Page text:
5 Tips for Online Surveys that Build Relationships and Drive Sales

Posted by Spike Email Marketing, Opinion and commentary

Have you been thinking of running a survey? If not, why not? Here are some tips from Jeanne Jennings on Clickz on executing one well.

1. Branding Goes Beyond Your Logo

It’s good to include your company logo on each page of the survey, but this alone isn’t going to make it your own. It rings hollow if everything else on the page is generic and sterile. Every interaction a prospect or customer has with your company impacts their perception of it. Popping your logo on a survey which doesn’t reflect the voice of your brand doesn’t help the relationship and may even hurt it. It’s like your brand has momentarily morphed into a zombie, and don’t think customers won’t notice.

2. Look at the Flow from the E-mail to the Survey

As e-mail marketers, it’s our job to put ourselves in the shoes of our recipients; what is their experience going to be, from start to finish. In this case, there was a well-crafted, somewhat tongue-in-cheek e-mail that would be sent with a link to the survey.

The e-mail was right in line with the company’s brand; landing on the first page of the generic survey was like a bait-and-switch. It’s a fun brand and the e-mail was promising another fun interaction — and then it was all blah-blah-blah business. A major disconnect, and one that I’ve seen result in large abandon rates with previous clients.

3. Work with a Copywriter

Yes, you read that right. Even if you don’t consider this a marketing initiative (I would argue that most interactions should at least secondarily be considered marketing initiatives, but I digress), it is customer-facing and professional copy is needed. I recommend that clients figure out what they want to ask and how they want to ask it, then bring in the copywriter who wrote the e-mail to massage the survey and bring it in line with the voice of the brand.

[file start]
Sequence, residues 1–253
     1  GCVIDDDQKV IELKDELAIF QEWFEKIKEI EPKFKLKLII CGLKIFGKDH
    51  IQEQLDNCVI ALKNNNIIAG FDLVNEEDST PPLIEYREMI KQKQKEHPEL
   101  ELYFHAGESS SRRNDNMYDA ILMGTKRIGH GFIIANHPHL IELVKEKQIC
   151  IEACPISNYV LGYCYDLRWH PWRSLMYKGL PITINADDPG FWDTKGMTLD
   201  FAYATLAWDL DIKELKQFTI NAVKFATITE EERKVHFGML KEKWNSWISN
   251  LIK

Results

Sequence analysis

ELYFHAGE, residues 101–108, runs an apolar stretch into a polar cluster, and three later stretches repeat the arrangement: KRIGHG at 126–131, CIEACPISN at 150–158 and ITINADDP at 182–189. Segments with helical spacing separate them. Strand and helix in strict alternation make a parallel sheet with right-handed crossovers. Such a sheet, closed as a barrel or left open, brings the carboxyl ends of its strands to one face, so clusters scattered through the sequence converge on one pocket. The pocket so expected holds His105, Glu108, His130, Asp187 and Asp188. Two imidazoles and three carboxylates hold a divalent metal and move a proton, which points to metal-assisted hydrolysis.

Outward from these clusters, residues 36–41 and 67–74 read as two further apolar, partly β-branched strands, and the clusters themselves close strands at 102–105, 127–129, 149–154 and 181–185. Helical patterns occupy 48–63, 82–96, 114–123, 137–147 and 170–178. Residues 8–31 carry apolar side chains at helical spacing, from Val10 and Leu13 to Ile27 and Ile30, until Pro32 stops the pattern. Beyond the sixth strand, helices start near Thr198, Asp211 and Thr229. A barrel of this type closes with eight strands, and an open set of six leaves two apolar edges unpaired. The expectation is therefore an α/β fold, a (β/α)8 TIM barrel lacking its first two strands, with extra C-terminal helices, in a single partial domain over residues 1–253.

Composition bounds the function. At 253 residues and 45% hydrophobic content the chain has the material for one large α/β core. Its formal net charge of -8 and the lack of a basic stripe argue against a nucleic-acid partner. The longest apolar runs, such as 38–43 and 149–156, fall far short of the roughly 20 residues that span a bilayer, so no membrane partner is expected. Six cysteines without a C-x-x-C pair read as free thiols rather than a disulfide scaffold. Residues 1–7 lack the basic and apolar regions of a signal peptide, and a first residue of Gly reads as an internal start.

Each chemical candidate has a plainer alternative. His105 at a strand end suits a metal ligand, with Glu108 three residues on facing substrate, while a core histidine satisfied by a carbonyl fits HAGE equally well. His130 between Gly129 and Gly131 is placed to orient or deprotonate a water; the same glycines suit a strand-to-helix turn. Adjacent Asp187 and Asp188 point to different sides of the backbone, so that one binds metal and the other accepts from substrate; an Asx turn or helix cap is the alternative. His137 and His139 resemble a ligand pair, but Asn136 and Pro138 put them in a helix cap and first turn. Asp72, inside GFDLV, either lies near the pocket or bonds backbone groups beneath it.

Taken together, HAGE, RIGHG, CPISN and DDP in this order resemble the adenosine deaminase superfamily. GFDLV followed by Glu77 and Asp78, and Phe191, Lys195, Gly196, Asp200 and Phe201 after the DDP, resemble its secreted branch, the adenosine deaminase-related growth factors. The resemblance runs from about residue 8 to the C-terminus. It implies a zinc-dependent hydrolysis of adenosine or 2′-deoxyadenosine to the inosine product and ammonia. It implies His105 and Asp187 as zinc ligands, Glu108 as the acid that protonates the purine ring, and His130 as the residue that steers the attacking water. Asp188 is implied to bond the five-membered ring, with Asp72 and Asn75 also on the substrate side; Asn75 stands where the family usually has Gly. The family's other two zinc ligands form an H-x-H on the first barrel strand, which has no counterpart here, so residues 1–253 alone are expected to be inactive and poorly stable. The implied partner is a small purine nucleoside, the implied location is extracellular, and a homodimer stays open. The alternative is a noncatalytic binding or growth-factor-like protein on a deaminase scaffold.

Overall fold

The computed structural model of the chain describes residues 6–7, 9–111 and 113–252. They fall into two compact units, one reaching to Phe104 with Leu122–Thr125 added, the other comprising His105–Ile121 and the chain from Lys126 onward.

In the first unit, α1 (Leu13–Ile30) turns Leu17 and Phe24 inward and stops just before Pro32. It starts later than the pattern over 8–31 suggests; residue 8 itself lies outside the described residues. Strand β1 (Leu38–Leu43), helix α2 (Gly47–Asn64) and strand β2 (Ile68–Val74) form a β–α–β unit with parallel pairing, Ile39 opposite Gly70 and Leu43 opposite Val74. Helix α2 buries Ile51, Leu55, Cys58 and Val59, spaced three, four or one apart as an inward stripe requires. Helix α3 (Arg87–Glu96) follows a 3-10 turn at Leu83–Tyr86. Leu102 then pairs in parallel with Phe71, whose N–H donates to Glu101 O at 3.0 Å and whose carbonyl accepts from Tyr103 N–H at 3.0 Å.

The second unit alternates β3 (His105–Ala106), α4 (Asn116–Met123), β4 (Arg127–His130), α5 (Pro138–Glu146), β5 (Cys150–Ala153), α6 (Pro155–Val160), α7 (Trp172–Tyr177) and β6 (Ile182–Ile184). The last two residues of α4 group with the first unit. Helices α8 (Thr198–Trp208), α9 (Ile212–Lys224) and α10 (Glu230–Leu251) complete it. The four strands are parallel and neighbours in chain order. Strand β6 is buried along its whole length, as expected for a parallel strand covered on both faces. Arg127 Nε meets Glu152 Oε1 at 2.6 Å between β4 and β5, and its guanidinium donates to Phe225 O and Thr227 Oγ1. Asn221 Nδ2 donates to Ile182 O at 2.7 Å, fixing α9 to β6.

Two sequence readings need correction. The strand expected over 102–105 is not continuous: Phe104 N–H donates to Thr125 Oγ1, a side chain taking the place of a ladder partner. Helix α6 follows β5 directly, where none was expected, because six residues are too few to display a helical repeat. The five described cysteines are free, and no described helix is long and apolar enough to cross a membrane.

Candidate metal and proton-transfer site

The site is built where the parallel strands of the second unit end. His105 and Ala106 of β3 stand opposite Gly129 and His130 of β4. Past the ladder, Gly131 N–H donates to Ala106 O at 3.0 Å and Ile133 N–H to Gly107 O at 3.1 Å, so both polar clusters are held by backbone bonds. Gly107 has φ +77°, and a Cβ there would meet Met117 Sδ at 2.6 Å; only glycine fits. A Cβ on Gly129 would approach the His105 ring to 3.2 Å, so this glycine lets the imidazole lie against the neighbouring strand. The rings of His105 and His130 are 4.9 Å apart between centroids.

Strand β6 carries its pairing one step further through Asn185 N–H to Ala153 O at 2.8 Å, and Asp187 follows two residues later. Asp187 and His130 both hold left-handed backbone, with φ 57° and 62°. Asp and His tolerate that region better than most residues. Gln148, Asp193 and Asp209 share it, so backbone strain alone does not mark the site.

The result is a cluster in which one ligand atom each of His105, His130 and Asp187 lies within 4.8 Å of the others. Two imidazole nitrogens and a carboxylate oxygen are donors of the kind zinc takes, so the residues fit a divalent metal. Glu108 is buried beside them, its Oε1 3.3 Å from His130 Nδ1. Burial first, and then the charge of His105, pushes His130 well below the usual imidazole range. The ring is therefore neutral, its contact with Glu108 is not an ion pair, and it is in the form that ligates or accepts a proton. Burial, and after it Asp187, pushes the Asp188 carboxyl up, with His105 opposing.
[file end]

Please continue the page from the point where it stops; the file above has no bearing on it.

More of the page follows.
4. Work with a Designer

As I said, a brand goes beyond your logo. If your brand sells products that are visual, this is critical; if your offering isn’t visual, it’s less important.
In the case of this client, I’ve recommended they include small images of different products on each page of the survey. Not only does this add visual interest, but it also starts planting the seeds for their next purchase, which we hope is right around the corner (see the next item).

5. Offer a Thank You

To offer an incentive or not to offer an incentive, that is the question. Many brands don’t want to get their prospects or customers in the habit of expecting a discount, and I get that. But I feel like a survey is different.

This person has just taken their time to provide feedback that should help your company; they deserve some kind of thank you. Verbal thanks are good, a third-party gift card is great, but the incentive that makes the most sense for a survey like this one is some sort of deal on your next order.

Read the full article here >